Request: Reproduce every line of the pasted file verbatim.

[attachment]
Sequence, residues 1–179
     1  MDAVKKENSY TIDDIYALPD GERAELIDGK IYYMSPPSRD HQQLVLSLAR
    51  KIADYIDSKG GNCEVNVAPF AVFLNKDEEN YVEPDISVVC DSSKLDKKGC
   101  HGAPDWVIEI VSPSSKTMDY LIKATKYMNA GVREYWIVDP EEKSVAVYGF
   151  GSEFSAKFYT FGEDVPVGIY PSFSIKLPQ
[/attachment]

Sequence, residues 1–179
     1  MDAVKKENSY TIDDIYALPD GERAELIDGK IYYMSPPSRD HQQLVLSLAR
    51  KIADYIDSKG GNCEVNVAPF AVFLNKDEEN YVEPDISVVC DSSKLDKKGC
   101  HGAPDWVIEI VSPSSKTMDY LIKATKYMNA GVREYWIVDP EEKSVAVYGF
   151  GSEFSAKFYT FGEDVPVGIY PSFSIKLPQ